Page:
An article in American Interest Online reviews a book tracing the history of the board game Monopoly. What was most interesting was the author’s claim that the inventor of the supposed precursor to the modern Monopoly game intended for its purpose to not only be entertainment, but to promote a land use theory called the single tax, which saw land speculation as the source of the inequality and injustice in our society.

It did, however, achieve success in an entirely different direction. To understand why, we need to note that our inventive Quaker, far from devoting a game to the praise of Mammon, actually devised it as a moral tale showing how unfair rents could be charged by unscrupulous landlords, for which, if there is any justice in the world, they will—in the game world, at least—rightly fetch up in jail. The object of the game, as she stated in her renewed patent of 1924,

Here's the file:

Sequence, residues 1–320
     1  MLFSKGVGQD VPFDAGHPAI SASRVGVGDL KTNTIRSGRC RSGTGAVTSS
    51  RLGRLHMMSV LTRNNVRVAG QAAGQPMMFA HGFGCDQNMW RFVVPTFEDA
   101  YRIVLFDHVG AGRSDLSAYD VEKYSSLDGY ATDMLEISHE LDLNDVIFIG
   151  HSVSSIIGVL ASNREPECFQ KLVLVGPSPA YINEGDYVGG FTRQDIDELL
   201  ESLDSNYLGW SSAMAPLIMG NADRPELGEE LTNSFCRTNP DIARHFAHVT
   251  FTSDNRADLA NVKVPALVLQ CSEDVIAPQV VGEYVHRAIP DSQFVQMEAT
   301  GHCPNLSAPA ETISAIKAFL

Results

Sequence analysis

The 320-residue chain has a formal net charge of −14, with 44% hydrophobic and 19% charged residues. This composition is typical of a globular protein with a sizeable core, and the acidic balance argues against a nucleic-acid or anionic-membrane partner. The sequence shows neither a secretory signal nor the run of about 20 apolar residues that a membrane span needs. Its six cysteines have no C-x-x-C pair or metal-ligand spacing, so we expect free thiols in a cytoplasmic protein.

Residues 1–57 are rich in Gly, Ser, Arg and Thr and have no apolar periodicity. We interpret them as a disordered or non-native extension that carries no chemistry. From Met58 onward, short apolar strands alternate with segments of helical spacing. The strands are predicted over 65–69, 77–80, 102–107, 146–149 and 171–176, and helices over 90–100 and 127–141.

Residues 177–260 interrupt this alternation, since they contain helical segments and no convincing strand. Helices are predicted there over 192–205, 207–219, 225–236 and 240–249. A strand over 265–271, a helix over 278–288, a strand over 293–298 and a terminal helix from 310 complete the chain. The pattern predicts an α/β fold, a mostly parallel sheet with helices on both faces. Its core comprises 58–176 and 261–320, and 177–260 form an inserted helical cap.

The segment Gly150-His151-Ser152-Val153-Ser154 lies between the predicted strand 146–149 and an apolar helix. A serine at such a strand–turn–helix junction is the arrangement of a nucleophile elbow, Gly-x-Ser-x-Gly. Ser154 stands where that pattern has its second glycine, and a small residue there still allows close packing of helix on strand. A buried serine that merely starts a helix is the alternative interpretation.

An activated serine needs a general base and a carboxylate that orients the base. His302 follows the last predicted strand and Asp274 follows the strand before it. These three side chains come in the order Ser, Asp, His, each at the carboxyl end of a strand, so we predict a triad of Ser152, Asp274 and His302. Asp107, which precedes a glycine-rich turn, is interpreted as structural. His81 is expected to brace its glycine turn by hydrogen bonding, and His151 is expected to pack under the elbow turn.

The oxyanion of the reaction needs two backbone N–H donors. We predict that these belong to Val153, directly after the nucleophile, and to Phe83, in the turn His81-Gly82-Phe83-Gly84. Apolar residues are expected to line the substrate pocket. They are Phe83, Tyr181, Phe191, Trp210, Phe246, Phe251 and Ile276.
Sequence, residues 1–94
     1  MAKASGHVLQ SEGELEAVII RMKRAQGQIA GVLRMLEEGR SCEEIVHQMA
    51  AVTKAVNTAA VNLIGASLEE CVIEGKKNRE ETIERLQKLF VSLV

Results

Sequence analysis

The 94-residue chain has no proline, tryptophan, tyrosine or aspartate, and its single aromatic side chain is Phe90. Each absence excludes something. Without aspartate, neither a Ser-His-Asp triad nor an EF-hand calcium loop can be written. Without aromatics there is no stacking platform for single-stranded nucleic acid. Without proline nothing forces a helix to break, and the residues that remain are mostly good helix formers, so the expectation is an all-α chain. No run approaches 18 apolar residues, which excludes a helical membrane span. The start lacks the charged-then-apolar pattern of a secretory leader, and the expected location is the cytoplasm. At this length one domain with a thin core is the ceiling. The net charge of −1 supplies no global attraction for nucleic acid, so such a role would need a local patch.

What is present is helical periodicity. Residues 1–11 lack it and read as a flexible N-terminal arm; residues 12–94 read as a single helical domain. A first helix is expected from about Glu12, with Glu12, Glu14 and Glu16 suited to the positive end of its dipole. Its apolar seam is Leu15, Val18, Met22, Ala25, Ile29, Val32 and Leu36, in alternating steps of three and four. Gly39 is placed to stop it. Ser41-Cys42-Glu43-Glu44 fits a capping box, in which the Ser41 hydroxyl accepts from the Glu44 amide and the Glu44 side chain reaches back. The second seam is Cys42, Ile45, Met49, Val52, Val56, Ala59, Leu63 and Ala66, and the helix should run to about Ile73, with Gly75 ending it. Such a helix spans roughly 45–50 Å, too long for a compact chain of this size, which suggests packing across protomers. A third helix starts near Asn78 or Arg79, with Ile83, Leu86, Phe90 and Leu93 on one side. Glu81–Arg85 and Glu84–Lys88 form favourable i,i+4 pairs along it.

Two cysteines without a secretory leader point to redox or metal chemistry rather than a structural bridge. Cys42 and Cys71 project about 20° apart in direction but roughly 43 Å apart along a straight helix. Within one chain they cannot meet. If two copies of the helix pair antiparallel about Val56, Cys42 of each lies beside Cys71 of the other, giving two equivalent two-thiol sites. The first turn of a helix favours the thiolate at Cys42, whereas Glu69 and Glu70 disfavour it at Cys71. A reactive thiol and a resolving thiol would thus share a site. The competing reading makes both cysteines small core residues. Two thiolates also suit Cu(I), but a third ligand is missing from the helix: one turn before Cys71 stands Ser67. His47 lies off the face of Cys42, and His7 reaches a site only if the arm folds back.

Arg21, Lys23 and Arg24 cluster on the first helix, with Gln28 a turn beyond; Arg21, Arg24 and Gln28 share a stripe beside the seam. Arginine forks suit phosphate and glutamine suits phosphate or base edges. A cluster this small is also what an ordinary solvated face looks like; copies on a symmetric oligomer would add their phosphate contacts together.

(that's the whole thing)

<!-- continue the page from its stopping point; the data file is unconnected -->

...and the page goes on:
is not only to afford amusement to the players, but to illustrate to them how under the present or prevailing system of land tenure, the landlord has an advantage over other enterprises and how the single tax would discourage land speculation.



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